The Book of Telling: Trac­ing the Secret of My Father’s Lives

Sharona Muir
  • Review
By – June 25, 2012
After her par­ents’ divorce when she was very young, Sharona Muir knew her beloved father, an inven­tor, sole­ly through their week­ly meet­ings. Only by acci­dent, sev­er­al years after he died, did Muir learn that one of her father’s most impor­tant inven­tions was Israel’s first rock­et. 

Itzhak Ben­tov — Inven­tion-a-Minute Ben” as he came to be known after his emi­gra­tion to the Unit­ed States — was a mem­ber of Hemmed, a secret group of sci­en­tists charged in 1948 by David Ben-Guri­on with cre­at­ing weapons to defend the fledg­ling Jew­ish state. Work­ing under great pres­sure, with attack always immi­nent, they suc­ceed­ed with a com­bi­na­tion of inge­nu­ity and youth­ful fer­vor. In 1999, Muir attend­ed a reunion of the sur­viv­ing mem­bers, who paint­ed a vivid and lov­ing pic­ture of her father and a part of his life she knew noth­ing about.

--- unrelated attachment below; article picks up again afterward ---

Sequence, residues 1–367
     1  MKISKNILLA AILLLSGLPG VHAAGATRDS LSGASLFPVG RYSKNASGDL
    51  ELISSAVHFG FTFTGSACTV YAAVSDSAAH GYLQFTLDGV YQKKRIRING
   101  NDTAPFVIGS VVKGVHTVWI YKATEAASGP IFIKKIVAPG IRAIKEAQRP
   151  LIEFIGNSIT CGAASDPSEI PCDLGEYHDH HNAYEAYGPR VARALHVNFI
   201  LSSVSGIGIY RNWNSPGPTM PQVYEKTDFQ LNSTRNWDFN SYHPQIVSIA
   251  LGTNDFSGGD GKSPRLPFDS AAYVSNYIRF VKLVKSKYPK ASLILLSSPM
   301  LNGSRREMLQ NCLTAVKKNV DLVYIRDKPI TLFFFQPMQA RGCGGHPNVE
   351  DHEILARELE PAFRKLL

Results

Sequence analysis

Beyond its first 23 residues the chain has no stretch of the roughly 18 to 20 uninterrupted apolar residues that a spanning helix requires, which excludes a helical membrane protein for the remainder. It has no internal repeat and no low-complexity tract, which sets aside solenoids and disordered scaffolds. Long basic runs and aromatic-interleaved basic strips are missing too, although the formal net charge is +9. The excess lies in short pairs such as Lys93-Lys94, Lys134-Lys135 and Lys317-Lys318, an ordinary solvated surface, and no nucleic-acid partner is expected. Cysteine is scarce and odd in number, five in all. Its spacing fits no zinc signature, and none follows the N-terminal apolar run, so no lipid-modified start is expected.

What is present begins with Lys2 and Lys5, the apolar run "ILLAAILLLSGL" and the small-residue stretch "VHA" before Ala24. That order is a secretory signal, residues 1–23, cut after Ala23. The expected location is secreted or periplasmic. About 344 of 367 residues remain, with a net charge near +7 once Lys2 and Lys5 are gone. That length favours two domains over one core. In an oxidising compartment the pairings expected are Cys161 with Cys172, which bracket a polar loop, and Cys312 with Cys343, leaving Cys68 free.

The book is a dou­ble telling — the sto­ry of Hemmed and that of Muir’s com­ing to know the father who hid from her. A pro­fes­sor and poet, Muir tells her per­son­al sto­ry poignant­ly, but it is the lit­tle-known sto­ry of Hemmed, whose his­to­ry is still clas­si­fied, that grips the read­er most. Notes, photographs.

Maron L. Wax­man, retired edi­to­r­i­al direc­tor, spe­cial projects, at the Amer­i­can Muse­um of Nat­ur­al His­to­ry, was also an edi­to­r­i­al direc­tor at Harper­Collins and Book-of-the-Month Club.

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